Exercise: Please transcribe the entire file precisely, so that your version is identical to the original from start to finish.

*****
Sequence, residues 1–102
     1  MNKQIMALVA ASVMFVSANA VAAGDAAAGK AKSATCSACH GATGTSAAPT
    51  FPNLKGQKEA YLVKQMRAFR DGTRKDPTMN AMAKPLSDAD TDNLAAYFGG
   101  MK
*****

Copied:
Sequence, residues 1–102
     1  MNKQIMALVA ASVMFVSANA VAAGDAAAGK AKSATCSACH GATGTSAAPT
    51  FPNLKGQKEA YLVKQMRAFR DGTRKDPTMN AMAKPLSDAD TDNLAAYFGG
   101  MK